- This value is equal to coffee rust control costs, including fungicides, labor and equipment. The saving contributes to profitability of producers.
Bogotá, March 23, 2018 (FNC Press Office) – Thanks to varieties resistant to diseases such as rust developed by the National Coffee Research Center (Cenicafé), the scientific arm of the FNC, Colombian coffee growers save over 200 million dollars a year.
This significant saving is reflected in lower use of plant health control products, less daily wages to apply them, and non-use of spraying equipment, among others, contributing to improve profitability of producers.
Development and use of resistant varieties makes Colombian coffee farming more competitive, because they shield it from rust epidemics like the one that recently affected producing countries in Central America.
“If one thinks about how much Colombian coffee growers save with the advantages of resistant varieties, we are talking about over 200 million dollars a year”, said Hernando Duque, the FNC Chief Technical Officer (CTO).
In Colombia there are currently 698,000 coffee hectares (77% of the total area) planted with rust-resistant varieties, which in the laboratory have also shown resistance to the Coffee Berry Disease (CBD), which fortunately has not arrived in the country.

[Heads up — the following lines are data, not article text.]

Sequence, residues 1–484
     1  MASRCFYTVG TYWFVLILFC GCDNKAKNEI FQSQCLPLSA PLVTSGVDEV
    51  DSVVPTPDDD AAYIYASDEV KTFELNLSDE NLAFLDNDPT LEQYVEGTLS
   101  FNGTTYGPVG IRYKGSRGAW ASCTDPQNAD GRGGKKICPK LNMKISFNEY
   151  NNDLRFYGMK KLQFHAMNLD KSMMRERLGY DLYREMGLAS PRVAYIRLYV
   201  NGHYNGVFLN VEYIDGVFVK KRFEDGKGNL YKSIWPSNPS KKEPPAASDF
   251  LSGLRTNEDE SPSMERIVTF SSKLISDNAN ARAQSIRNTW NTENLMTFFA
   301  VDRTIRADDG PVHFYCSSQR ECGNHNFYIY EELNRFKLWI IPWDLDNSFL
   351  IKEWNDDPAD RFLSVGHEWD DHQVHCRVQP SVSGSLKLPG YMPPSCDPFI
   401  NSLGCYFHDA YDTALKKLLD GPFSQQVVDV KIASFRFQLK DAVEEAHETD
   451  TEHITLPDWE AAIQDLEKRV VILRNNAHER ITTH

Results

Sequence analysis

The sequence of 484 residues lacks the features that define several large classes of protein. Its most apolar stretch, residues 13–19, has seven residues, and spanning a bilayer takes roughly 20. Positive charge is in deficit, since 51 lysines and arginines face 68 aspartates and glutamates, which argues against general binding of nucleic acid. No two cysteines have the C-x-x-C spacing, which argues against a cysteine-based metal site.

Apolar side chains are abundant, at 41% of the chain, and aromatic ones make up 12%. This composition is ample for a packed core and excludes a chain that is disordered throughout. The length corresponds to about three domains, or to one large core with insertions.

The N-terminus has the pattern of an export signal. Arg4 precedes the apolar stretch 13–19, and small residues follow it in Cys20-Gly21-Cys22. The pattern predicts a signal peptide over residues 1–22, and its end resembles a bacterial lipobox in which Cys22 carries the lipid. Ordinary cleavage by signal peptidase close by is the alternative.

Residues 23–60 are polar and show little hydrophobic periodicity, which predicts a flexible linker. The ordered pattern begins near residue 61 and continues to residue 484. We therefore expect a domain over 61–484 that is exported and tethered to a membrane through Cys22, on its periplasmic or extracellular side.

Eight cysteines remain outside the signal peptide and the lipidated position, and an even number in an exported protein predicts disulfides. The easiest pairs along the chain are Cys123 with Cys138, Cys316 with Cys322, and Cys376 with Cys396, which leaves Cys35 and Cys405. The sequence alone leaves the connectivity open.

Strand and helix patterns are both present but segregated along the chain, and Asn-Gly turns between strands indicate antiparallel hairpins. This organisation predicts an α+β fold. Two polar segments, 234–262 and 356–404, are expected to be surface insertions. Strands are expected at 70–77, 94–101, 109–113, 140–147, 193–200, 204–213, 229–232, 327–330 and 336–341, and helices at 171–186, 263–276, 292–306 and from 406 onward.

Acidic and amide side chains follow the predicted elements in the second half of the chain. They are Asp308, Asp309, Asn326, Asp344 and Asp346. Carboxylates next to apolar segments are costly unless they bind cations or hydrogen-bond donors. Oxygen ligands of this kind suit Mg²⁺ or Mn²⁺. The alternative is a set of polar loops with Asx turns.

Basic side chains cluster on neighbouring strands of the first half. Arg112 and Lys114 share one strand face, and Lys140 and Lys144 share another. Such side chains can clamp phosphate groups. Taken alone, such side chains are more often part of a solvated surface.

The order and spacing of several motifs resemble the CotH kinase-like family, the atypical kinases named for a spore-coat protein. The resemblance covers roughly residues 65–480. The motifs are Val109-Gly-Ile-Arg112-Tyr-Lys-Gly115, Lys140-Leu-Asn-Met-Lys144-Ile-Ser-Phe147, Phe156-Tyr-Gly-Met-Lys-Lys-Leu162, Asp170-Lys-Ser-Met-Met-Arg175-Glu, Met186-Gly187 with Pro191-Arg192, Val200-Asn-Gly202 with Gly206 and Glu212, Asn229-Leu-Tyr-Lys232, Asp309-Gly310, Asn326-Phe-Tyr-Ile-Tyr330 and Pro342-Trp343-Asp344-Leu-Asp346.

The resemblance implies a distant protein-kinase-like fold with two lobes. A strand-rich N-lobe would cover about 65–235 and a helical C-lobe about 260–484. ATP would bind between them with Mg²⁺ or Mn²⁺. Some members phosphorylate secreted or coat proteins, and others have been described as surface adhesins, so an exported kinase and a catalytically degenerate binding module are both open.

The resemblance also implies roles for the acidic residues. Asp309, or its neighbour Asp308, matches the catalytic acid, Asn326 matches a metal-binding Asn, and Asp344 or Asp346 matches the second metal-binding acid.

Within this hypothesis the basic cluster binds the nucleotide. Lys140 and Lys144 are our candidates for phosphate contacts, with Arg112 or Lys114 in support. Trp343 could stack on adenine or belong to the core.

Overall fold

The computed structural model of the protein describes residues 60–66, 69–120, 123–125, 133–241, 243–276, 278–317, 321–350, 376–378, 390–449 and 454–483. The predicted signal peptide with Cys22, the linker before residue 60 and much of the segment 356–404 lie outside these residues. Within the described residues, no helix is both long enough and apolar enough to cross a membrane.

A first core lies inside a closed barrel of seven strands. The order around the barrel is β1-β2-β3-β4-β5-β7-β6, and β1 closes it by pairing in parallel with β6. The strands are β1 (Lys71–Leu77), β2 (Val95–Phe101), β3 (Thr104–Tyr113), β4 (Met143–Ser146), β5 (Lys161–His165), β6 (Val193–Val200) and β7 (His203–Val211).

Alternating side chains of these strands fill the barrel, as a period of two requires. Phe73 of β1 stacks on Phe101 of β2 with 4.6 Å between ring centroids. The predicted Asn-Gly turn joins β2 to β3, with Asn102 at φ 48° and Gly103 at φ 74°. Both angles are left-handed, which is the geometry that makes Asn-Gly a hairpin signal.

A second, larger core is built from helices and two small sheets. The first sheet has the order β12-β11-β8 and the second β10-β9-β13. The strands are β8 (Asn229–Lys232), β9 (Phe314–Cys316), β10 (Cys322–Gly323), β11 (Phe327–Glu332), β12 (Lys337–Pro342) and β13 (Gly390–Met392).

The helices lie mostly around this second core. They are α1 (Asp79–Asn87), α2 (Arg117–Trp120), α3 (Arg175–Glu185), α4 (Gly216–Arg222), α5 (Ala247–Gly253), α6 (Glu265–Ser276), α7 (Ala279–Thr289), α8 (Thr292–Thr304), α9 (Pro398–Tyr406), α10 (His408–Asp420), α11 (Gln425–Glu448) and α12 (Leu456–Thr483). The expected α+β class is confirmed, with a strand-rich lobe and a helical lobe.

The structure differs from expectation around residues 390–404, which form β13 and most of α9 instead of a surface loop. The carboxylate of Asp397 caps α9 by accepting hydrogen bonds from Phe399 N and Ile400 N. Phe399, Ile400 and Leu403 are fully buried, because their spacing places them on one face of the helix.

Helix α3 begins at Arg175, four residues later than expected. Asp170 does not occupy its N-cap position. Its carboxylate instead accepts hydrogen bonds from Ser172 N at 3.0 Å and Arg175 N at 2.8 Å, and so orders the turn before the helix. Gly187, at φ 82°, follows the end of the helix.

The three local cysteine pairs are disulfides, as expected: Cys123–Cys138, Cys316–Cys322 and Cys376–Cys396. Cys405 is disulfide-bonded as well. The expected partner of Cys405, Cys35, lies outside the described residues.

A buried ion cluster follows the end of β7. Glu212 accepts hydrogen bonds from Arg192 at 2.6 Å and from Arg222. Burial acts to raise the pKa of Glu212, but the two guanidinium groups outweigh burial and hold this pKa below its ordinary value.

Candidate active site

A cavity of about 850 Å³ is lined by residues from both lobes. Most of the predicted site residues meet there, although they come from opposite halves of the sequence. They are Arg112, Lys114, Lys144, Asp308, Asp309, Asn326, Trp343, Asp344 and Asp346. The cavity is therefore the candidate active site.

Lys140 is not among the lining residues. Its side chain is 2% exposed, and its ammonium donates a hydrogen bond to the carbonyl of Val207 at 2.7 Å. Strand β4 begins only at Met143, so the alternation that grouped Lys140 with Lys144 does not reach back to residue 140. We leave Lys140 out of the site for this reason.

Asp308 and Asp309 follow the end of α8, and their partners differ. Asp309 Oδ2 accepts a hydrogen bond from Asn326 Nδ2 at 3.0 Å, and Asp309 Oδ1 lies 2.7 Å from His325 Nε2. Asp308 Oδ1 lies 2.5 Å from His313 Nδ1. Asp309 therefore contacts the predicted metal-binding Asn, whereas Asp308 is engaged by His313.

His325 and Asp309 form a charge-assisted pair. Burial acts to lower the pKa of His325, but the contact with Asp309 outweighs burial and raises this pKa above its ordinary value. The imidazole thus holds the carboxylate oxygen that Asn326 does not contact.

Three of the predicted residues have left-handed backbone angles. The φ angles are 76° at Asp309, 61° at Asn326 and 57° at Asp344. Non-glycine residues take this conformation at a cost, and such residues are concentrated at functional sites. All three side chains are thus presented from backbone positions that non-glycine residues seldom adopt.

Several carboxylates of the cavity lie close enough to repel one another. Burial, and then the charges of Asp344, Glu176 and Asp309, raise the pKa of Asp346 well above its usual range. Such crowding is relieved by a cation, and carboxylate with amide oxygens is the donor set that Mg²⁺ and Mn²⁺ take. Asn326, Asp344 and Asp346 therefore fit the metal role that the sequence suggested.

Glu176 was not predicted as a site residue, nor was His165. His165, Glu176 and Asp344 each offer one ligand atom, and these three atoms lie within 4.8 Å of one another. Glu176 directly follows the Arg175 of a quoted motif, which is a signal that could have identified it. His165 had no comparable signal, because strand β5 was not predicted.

“Rust-susceptible coffee varieties, such as Caturra, Típica, and also the so-called Catimores, even with good control, involve the risk of losses, since Colombia, for its climate and geographical location, features very favorable conditions for development of rust epidemics,” Duque added.
And although there are hardly over 200,000 hectares planted in susceptible varieties in Colombia, the FNC’s call on producers is to continue relying on the Extension Service, participate in technical training and visit participative research plots (IPAs) to see, through examples and actual demonstrations, the applicability of developments by Cenicafé.
80 years at the service of Colombian coffee growers
With 80 years working for Colombia’s coffee growers, Cenicafé began breeding research in 1967; and following a genetic diversity strategy, it has strengthened long-term resistance of its coffee varieties to diseases.
Unlike other countries, development of rust-resistant varieties in Colombia has been based on the multilineal strategy of compound varieties. “This is one of the most appreciated public goods for coffee growers, who have an institution that dedicates much of its scientific work to research to develop technologies that make coffee farming increasingly viable,” Duque noted. “It is important to say that resistance durability is stronger using multilineal varieties compared to mono-lineal”, Duque said.
The FNC CTO highlighted that, “Due to the great ability of rust to change and develop new strains, with higher pathogenic capacity, Cenicafé continues developing new coffee varieties to deal with these new strains. The rust we have today in Colombia is not the same that arrived in 1983.”
Cenicafé’s work has also focused on coffee production and processing aspects, such as production of resistant variety seeds, harvesting equipment, coffee post-harvesting with low water consumption, reuse pits, and wastewater treatment systems, including vegetation filters.